Audio: triad (0:08)
triad plays triads in the key of C on an electric piano. The triad figure shows the score. All seven notes in the scale of C major are used as roots and the lowest pitched note in each triad is the root. The piece starts and ends on the tonic triad and the chord progression is the same as in root.
A triad is a tertian chord containing three notes.
There are four types of triad:
- A major triad contains a root, a major third and a perfect fifth. It is numbered with an upper case Roman numeral I to VII. The word, major, is often dropped from the chord name. The C major triad, or C triad, in the first bar of triad is CEG. It is numbered I because the root note, C, is the first degree of the scale of C major.
- A minor triad contains a root, a minor third and a perfect fifth. It is numbered with a lower case Roman numeral i to vii and named minor, m for short. The Am triad in bar 2 is ACE. It is numbered vi because the root note, A, is the sixth degree of the scale of C major.
- A diminished triad contains a root, a minor third and a diminished fifth. It is numbered with a lower case Roman numeral, a circle symbol is added after the number, and it is named diminished, dim for short. The Bdim triad in bar 3 is BDF. It is numbered viio because the root note, B, is the seventh degree of the scale of C major.
- An augmented triad contains a root, a major third and an augmented fifth. It is numbered with an upper case Roman numeral and the symbol + added after the number. It is named augmented, aug for short. The Caug triad is CEG#. There is no augmented chord in the key of C or in any major key. In the key of A harmonic minor, the Caug triad is numbered III+ because the root note, C, is the third degree of the scale.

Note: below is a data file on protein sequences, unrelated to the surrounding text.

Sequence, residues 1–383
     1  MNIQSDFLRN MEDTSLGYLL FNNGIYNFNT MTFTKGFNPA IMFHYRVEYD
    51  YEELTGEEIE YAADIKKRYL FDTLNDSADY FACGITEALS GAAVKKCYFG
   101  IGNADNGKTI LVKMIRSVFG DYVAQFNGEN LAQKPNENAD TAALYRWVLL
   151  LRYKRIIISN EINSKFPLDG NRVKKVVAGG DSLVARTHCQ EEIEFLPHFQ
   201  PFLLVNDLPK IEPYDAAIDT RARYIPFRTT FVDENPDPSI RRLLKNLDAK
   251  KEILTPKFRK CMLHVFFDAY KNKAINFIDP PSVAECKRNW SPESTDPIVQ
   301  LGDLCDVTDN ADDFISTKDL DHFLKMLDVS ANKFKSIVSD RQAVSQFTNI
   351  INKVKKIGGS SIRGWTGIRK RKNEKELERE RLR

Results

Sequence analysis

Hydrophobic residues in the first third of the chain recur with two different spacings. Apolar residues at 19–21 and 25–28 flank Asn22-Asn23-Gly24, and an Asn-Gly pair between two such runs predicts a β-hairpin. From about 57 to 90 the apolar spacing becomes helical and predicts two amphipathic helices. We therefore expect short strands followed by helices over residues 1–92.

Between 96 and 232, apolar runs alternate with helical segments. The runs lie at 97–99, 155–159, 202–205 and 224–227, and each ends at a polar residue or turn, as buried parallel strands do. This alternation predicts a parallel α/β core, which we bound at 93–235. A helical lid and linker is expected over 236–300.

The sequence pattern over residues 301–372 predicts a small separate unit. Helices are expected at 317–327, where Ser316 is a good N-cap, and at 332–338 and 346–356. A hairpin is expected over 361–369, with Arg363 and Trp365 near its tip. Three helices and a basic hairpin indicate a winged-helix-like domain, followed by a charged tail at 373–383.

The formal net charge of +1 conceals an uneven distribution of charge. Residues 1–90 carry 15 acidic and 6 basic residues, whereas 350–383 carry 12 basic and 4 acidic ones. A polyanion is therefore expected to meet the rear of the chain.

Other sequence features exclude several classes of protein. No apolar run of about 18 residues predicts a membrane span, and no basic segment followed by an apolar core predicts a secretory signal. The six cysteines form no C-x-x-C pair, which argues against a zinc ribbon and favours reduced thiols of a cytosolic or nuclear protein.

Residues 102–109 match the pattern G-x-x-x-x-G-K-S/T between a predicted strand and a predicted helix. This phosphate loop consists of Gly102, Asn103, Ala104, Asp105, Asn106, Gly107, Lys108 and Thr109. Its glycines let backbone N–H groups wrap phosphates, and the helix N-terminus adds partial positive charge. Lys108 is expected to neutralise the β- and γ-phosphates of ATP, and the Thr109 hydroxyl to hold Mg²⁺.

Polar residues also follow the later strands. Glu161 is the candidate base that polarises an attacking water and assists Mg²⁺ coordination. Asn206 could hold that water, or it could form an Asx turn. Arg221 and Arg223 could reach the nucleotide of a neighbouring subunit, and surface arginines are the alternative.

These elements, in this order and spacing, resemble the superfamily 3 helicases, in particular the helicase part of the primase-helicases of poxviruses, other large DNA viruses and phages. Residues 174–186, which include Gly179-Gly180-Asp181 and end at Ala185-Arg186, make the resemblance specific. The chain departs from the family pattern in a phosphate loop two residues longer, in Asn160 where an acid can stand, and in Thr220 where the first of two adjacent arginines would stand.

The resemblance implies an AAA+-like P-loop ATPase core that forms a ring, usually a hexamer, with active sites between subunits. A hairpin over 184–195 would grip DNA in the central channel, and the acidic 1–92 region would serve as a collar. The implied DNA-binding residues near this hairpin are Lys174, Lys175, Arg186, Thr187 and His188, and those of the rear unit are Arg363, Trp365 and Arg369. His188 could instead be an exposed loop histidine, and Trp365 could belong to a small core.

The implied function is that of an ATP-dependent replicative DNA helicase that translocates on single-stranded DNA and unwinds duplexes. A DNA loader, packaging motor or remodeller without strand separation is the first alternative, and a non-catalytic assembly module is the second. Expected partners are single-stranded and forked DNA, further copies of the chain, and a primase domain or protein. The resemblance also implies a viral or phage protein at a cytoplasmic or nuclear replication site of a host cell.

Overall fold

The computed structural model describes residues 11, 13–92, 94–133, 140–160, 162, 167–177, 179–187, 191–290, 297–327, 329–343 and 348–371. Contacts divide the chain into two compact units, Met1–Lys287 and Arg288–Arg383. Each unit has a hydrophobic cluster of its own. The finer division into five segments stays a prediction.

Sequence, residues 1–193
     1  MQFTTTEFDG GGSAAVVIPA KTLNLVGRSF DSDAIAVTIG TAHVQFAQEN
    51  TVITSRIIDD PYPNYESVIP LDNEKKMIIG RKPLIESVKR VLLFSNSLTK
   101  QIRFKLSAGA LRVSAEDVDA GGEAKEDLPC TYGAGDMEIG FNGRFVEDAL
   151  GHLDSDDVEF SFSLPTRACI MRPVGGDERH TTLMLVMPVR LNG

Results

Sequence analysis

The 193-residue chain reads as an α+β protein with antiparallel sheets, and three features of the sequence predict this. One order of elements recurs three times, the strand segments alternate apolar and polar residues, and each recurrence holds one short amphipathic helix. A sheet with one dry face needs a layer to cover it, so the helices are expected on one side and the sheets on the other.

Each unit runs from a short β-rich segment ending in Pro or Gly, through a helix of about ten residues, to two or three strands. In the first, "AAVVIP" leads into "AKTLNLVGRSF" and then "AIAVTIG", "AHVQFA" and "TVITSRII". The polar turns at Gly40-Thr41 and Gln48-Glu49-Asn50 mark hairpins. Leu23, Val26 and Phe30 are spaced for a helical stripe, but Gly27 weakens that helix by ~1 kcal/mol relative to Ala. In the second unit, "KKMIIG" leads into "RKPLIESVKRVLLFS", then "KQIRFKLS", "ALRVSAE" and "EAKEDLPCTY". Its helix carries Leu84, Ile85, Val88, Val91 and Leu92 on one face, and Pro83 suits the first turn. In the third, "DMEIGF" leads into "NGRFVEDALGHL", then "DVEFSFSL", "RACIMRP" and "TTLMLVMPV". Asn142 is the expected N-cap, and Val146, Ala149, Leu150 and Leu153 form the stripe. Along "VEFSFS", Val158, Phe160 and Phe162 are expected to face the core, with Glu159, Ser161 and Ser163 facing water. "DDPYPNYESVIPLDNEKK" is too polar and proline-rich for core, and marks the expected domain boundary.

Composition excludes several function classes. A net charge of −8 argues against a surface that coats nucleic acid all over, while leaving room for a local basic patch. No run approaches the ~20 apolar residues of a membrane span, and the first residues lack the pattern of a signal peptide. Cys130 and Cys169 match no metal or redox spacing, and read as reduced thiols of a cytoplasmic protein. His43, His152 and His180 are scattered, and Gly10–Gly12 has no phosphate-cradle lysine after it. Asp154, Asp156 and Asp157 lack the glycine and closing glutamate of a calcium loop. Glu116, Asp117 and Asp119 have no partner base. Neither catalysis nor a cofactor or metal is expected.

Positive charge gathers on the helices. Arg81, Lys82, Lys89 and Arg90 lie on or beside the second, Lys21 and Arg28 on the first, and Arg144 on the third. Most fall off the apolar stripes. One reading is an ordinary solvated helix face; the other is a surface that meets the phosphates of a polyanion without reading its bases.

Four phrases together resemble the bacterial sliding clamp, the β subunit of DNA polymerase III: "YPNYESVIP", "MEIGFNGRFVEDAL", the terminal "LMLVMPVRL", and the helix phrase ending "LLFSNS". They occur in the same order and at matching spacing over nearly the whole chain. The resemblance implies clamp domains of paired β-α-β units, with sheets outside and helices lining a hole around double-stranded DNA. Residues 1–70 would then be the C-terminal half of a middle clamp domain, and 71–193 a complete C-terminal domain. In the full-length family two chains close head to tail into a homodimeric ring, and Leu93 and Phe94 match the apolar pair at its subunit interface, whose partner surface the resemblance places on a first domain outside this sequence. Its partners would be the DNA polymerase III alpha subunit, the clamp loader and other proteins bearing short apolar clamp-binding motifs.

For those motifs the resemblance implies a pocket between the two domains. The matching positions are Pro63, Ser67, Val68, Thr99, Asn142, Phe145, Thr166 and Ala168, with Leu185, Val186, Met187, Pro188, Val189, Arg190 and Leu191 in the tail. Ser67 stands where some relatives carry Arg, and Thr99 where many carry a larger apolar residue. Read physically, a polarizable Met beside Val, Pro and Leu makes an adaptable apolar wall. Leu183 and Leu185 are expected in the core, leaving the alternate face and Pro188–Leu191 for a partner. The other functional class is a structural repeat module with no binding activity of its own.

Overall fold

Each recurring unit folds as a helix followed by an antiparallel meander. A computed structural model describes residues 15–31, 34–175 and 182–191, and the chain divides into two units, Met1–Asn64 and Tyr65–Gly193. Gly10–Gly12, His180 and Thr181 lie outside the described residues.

Chord and triad are often used interchangeably. A major triad, for instance, is often described as a major chord. The guide follows suit but differentiates a triad from other types of chord when necessary for the following reasons:
- All triads are chords but not all chords are triads. A triad is a tertian chord containing three notes. A chord can contain any number of notes and any mix of intervals.
- All triads contain three notes but not all three note chords are triads. In fact, most chords with three notes are not triads. For example, ABC, ABD, ABE, ABF and ABG are all not-triads, there are many more.
- All chords with two notes are not triads. A dyad containing the interval of a third or a fifth or a sixth can be treated as an incomplete triad.
- All chords with four or more different notes are not triads.
A triad may well be the workhorse of harmony but there are plenty of other types of chord out there for you to choose from.